|Obion resident frustrated by water bill |
|Posted: Wednesday, December 7, 2011 8:50 pm |
|By KEVIN BOWDEN |
A two-hour long Obion City Council meeting Monday night covered a wide range of topics, from Christmas bonuses to insurance matters to water system problems to a new utility policy to the sale of a piece of city property.
The first half hour of Monday night’s meeting was spent dealing with a complaint from Patti Jennings concerning her water bill. Mrs. Jennings lives at 516 Lovelace Road, northeast of Obion, and has been paying her rural water bill as part of a three-way split involving two neighbors. That three-way agreement was recently dissolved and Mrs. Jennings said her water was cut off without notice. She said getting her water reconnected was a frustrating ordeal, which was followed by even more frustration caused by a water leak that left her with a $325 water bill earlier this month.
She also reported to the council that her water meter shows she has used about 29,000 gallons of water in a 15-day period. Mrs. Jennings described in detail, using notecards, her situation and claimed she was not shown “common courtesy” by city clerks who handled her ordeal.
Mrs. Jennings and the board discussed the water leak problem in great detail before the board tabled the matter.
Council member Mike Miller described the ordeal as “an unfortunate set of circumstances.”
Mrs. Jennings said she is trying to contact the Tennessee Valley Authority, whom she said is responsible for causing the leak in her water line. Once a settlement is reached between Mrs. Jennings and the TVA, the council is expected to revisit the issue.
Settling the controversy with Mrs. Jennings appeared to set the tone for the remainder of Monday night’s meeting. Council members tackled a relatively lengthy agenda with considerable discussion.
The council approved $100 Christmas bonuses for full-time city employees and $75 bonuses for part-time employees. It was also decided by the council to shut down City Hall Dec. 23 and 26 for Christmas.
The council discussed at length a liability and workers compensation policy for the city before tabling the bid from Terry Insurance. Peggy Terry, representing the Obion insurance agency, will meet with city officials during the next few days to find ways to lower the premium for the insurance coverage.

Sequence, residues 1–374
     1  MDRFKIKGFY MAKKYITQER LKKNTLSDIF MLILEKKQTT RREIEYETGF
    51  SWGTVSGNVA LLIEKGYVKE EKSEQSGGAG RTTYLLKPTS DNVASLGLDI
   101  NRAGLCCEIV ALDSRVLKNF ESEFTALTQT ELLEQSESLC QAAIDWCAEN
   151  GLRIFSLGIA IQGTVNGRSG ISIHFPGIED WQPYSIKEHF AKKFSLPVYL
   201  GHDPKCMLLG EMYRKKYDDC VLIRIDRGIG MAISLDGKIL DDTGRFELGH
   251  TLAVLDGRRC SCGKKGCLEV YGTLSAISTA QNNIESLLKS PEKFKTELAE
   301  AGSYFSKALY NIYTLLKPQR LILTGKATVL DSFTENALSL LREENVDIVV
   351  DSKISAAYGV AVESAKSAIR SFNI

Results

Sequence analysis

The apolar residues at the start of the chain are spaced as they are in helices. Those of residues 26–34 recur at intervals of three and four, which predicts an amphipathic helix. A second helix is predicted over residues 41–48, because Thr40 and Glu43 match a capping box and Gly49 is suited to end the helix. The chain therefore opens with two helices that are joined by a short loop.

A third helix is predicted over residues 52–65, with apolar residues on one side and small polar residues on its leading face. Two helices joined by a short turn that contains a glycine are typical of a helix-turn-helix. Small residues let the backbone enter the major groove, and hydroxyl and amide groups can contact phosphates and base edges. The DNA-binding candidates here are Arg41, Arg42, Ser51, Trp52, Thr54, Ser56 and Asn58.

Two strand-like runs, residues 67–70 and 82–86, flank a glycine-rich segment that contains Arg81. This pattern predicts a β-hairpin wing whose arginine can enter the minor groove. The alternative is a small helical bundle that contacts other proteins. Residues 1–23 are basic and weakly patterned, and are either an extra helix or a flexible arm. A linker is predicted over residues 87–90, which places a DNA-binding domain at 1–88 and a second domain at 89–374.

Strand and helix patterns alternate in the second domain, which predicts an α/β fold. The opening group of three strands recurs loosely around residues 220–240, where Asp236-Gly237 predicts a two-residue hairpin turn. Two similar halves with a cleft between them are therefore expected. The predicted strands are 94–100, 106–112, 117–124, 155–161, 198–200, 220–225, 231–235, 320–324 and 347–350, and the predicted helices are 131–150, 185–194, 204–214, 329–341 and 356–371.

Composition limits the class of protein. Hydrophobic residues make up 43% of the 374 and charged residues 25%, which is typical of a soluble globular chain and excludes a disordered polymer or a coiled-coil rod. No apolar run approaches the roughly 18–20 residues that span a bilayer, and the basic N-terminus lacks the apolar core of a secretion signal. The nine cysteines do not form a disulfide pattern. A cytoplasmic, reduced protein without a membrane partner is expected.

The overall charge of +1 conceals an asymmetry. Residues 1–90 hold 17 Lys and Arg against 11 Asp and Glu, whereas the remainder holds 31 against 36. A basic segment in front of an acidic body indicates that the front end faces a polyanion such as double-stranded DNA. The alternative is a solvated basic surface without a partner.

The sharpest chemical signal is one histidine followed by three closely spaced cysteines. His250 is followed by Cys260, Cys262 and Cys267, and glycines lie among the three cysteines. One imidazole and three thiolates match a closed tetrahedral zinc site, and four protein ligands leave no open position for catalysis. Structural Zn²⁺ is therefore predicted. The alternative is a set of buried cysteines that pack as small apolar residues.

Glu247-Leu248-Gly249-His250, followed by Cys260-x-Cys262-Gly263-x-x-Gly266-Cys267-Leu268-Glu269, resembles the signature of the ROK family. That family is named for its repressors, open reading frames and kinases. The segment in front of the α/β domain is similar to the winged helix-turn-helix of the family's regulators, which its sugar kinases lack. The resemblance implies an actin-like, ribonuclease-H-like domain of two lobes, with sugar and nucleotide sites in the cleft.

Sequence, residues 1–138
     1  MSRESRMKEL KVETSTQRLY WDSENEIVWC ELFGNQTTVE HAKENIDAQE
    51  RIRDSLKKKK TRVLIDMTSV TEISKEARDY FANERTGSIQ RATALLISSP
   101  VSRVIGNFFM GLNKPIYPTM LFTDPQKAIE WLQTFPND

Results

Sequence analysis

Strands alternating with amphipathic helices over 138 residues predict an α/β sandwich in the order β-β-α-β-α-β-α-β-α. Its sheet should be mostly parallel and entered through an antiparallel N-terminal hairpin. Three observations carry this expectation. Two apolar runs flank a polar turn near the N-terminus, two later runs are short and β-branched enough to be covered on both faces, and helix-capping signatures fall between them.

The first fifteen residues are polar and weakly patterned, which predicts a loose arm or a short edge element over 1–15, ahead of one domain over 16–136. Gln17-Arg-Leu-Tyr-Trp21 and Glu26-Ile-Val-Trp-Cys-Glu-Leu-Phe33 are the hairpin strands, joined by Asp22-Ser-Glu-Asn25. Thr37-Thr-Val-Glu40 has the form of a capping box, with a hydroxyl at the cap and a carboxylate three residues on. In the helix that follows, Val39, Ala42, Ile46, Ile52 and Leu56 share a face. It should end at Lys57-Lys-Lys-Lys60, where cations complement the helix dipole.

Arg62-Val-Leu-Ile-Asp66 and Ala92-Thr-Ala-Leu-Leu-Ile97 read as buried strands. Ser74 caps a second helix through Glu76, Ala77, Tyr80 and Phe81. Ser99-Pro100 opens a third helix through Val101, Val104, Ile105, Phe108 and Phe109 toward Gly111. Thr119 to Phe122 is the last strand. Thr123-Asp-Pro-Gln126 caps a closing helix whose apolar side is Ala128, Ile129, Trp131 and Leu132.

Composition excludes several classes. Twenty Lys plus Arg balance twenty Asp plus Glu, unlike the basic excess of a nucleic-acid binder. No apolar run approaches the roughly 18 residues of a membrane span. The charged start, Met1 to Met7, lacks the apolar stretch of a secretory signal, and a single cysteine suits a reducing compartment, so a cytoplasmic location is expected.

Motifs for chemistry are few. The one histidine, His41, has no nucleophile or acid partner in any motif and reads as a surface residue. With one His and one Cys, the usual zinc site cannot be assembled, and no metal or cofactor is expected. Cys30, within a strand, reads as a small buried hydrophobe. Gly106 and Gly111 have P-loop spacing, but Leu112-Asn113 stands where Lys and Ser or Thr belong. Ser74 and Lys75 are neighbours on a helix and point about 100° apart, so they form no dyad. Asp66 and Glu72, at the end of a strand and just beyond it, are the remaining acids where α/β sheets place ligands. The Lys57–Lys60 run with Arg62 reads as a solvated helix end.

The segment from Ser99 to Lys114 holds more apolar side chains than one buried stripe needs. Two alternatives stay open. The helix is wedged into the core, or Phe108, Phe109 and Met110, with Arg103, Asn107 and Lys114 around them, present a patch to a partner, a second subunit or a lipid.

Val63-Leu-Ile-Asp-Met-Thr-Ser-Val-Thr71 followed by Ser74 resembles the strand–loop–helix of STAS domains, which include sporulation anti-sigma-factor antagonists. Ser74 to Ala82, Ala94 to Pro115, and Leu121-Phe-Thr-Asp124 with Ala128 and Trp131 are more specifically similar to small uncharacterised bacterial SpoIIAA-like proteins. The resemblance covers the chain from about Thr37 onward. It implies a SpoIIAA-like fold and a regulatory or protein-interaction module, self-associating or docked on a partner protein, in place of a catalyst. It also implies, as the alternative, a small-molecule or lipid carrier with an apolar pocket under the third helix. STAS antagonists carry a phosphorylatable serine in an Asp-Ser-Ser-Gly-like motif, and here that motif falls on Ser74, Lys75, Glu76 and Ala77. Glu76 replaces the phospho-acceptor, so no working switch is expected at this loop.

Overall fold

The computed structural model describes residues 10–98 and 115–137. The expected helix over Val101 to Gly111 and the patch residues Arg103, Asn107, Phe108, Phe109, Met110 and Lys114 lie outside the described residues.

Her bid for liability and workers compensation coverage increased from $51,810 in 2011 to $71,633 in 2012. City officials hope to lower the premium by making some adjustments in the policy. The council will meet in a called session at 7 p.m. Dec. 13 to consider a revised insurance bid from Ms. Terry.
Public Works director Randy Evans appeared before the council again Monday night with a good news/bad news scenario for the city’s water department.
He advised the council no immediate action will be needed to repair serious problems with the water system. Evans said he will meet with council members when a new city budget is being drafted next year and will present a two-year plan to bring the water department into compliance, thus saving the city money in the long run.
But then Evans hit the council with the bad news that the city’s No. 1 well was recently “pulled” by Campbell Well Drilling and the well’s pipe system is “completely eat up.”
Evans described in detail the deteriorated condition of the well’s pipes and said the problem involves a “stray electric current” that is destroying the well.
“It’s a mess,” Evans told the council.
He said an original estimate of $10,000 to repair the well system is going to be too low. Evans said he is working on identifying the source of the electrical problem and hopes to be able to repair the well pipes. He estimated the cost to drill a new well would exceed $100,000.
Evans’ bi-monthly reports to the council concerning the decaying condition of the city’s water system continue to be a source of obvious concern among council members.
In other action Monday night, the council:
• Voted to forgive delinquent property taxes owed on a piece of property at 224 Broadway St. recently purchased by Jay Cryer at a county tax sale. There was about $2,200 in back property taxes owed on the property, but it was apparent Cryer was unaware of the delinquent taxes owed on the property.
• Approved on the first of two readings a new utility policy for the city. The ordinance introduces new gas connection fees for city residents. The vote on the new utility policy was 6-1, with Mayor Glen Parnell voting against the ordinance.
• Approved selling a piece of property at 105 North Second St. to Sam Cole for $2,000. His was the lone bid for the city property and will settle about $1,400 from a delinquent property tax bill and legal expenses owed to the city.
• Agreed to purchase a new ice machine for the Obion Community Center and will seek bids for a second ice machine that will be installed in the Public Works building.
• Tabled a proposed new debt management policy. Council member Bob Anderson requested the issue be tabled to provide him more time to review the policy before voting on it.
Monday night’s meeting was opened in prayer led by council member James Depriest and the Pledge of Allegiance led by Parnell. Published in The Messenger 12.7.11